I was extremely grateful to be part of an incredible class of 53 women of different backgrounds and ages. I spent my bootcamp days learning about resilience from my Venezuelan refugee friends, learning more about myself with my indigenous Peruvian partners and reflecting about independence with my single mother friends. Laboratoria was a second chance in life for us, underrepresented women.
We wanted to change our lives and our society by doing something we love and Laboratoria was the way to that goal.
During the bootcamp, Laboratoria lent us a personal laptop and through that, we accessed an integrated education on STEAM (Science, Technology, Engineering, Arts and Mathematics). I had the opportunity to learn about soft skills and work with agile software development methodology. I was invited to regional hackathons. There I had an intercultural exchange and I found my passion for creating digital products. Each of us had the support of a mentor working in the tech industry. They taught us how to create a winning personal pitch and a great CV. On completing the bootcamp, we were supported to get a job as developers in less than a year.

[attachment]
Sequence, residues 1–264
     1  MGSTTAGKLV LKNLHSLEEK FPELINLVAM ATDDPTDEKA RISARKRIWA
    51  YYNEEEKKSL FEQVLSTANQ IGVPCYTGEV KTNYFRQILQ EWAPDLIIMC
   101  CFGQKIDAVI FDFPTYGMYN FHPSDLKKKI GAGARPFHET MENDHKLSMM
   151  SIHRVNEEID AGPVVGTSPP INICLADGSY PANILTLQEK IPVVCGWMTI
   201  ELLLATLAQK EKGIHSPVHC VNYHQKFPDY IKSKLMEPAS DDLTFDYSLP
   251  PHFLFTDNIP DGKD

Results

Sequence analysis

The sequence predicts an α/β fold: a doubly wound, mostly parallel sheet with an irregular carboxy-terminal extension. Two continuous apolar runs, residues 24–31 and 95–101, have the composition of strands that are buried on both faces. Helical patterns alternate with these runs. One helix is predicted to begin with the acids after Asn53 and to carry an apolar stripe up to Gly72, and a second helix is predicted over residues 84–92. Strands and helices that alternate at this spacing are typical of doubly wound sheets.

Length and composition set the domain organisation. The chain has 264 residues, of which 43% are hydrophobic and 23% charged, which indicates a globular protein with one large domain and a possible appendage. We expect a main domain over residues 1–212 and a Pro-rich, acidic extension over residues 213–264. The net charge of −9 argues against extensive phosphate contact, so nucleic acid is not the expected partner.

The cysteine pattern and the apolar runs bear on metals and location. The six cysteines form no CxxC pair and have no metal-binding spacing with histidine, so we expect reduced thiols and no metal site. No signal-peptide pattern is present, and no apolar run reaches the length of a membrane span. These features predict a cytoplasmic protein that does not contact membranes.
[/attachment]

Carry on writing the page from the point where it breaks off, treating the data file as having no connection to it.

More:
By the end of the programme, students like me are then capable of studying and supporting their family’s economy. Ultimately, breaking their family circle of poverty. After studying for 6 months in the bootcamp, I got my first tech job less than 4 months after graduating.
Now, I’m leading my family financially while learning and working in the STEAM industry.
Having experienced the impact of the Laboratoria bootcamp first hand, it is clear that to achieve SDGs 1 (No Poverty), 8 (Decent Work and Economic Growth) and 10 (Reduced Inequalities), we need more opportunities and programmes like this. Bootcamps are a different kind of education. The methodology is fast and focuses on practice. And they have huge potential to transform lives by including everyone in the technology revolution.
Today, even though I graduated from Laboratoria as a front-end developer, I’m working as a robotic process automation (RPA) developer at NEORIS, a digital business transformation accelerator.
I love working as a developer.